Eurozone members will not let euro fail: Britain
Countries in the eurozone have an enormous amount invested in the single currency and will not let the Greek crisis bring it down, British Prime Minister David Cameron said on Tuesday.
"The countries that joined the euro have an enormous amount invested in it and do not want it to, and will not let it, fail," he told reporters in London.
"They see it as an absolutely key part now of their national interest and identities and I would not doubt their resolve in any way."
While insisting that Britain, a member of the European Union but not the single currency, should not be involved in any new bailout for Greece, Cameron stressed that stability in the eurozone was vital to British interests.
"I think that Britain suffers when the eurozone struggles. Forty percent of our exports go to eurozone countries," he said.
Greek Prime Minister George Papandreou on Tuesday faced a vote of confidence in his new government as his country seeks to avert bankruptcy and stave off chaos across the 17-nation eurozone.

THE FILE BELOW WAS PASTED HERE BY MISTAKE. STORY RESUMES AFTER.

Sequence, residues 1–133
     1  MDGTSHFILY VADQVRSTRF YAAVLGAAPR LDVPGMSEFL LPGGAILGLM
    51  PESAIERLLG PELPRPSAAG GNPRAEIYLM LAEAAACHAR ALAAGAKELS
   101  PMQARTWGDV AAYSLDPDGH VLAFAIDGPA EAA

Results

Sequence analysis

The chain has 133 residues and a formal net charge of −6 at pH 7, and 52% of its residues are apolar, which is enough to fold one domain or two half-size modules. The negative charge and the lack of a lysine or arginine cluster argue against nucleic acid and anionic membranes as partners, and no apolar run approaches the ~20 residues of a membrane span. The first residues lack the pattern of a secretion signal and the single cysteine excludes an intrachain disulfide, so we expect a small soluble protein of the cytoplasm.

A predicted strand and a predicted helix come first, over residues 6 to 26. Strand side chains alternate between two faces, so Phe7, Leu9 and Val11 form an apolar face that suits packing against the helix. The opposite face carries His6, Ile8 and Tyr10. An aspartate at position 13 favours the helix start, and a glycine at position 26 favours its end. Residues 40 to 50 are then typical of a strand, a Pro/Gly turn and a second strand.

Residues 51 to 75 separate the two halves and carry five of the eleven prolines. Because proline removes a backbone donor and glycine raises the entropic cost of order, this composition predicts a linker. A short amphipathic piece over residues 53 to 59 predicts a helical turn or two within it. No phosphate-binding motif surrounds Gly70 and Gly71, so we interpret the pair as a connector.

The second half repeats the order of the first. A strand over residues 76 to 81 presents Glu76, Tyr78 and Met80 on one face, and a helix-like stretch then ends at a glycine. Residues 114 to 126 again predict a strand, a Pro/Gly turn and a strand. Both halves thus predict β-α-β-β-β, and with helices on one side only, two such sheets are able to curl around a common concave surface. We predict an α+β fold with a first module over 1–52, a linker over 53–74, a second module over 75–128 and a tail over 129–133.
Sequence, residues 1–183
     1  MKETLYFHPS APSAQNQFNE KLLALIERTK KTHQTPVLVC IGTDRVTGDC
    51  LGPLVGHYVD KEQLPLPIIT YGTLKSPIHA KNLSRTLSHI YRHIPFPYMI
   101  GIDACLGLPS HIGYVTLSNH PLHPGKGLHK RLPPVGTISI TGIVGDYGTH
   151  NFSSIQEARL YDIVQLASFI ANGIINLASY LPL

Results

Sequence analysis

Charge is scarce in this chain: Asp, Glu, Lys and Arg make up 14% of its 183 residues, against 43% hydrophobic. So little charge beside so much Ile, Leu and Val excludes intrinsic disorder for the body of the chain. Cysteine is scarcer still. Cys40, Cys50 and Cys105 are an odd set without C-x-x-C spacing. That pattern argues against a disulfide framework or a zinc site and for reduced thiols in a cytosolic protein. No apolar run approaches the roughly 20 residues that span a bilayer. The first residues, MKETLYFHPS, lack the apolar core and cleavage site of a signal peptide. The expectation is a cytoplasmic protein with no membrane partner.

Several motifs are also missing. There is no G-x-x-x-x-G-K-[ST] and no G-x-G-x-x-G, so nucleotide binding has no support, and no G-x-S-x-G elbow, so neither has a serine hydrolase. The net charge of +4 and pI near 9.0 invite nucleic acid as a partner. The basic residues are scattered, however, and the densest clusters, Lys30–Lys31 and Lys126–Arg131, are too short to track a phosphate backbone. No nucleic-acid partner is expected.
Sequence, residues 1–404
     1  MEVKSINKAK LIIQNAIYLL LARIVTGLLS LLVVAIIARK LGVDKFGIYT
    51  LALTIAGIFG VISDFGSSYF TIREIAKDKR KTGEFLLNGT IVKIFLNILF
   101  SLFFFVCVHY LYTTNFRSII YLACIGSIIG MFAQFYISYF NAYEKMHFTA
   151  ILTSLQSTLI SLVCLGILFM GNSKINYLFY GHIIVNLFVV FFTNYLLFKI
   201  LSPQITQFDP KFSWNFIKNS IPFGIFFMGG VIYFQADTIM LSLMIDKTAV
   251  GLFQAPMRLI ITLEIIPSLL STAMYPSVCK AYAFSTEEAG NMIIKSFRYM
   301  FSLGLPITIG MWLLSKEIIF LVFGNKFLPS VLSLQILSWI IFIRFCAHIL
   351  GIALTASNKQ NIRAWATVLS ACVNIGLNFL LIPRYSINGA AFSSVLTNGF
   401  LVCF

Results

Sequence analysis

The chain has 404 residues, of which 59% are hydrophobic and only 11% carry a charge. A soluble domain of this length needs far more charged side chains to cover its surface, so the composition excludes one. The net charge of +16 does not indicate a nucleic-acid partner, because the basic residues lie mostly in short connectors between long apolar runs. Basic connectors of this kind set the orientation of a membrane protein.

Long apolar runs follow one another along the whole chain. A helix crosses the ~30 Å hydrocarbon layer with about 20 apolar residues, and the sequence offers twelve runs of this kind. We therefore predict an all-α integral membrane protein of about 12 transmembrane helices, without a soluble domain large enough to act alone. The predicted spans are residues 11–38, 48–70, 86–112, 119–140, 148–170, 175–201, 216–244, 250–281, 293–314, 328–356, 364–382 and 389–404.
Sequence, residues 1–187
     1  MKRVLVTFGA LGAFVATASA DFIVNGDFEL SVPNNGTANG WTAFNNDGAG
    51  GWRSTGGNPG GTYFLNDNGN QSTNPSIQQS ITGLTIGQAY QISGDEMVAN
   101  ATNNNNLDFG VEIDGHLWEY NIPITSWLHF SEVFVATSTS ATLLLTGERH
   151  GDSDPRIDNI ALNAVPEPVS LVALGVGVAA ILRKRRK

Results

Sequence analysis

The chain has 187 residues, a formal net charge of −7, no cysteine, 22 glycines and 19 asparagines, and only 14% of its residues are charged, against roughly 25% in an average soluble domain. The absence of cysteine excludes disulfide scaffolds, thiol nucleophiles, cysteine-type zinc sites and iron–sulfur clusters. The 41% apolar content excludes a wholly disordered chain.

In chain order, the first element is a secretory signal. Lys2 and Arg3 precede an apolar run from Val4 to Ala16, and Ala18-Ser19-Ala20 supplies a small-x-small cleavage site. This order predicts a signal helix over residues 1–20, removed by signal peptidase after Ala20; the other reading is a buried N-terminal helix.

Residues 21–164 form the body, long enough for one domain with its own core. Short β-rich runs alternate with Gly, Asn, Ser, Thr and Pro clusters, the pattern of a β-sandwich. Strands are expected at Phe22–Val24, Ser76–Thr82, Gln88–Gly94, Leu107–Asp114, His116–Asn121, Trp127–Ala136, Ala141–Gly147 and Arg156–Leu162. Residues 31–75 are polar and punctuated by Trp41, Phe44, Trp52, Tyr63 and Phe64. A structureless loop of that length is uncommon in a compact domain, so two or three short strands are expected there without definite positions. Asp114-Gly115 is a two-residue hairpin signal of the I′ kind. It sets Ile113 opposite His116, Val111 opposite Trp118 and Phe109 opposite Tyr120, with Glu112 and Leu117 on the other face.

The prime minister was widely expected to narrowly win the vote, and a victory would almost certainly mean he would then get backing for vital austerity cuts and privatisations in a separate vote next week.
The eurozone issued an ultimatum to Greece on Monday, when it held back the latest slice of an EU-IMF rescue loan from last year.
Greece needs the 12-billion-euro ($17-billion-dollar) loan instalment to pay bills next month, but a bigger issue for the whole eurozone is a new huge loan needed by Athens to avoid default on its debt in the months and years ahead.
Germany insists this must involve losses for private lenders such as banks and insurance companies.
Any involvement in a bailout of Greece would be deeply unpopular in Britain, and Cameron insisted Tuesday this was not on the cards.
"I don't want to see the European financial mechanism involved in bailing out Greece and I don't think Britain should be participating in that bailout," he said.
Cameron earlier vowed to "fight very hard" to defend this position at a meeting of European leaders on Thursday and Friday where a bailout for Greece will be top of the agenda.
© 2011 AFP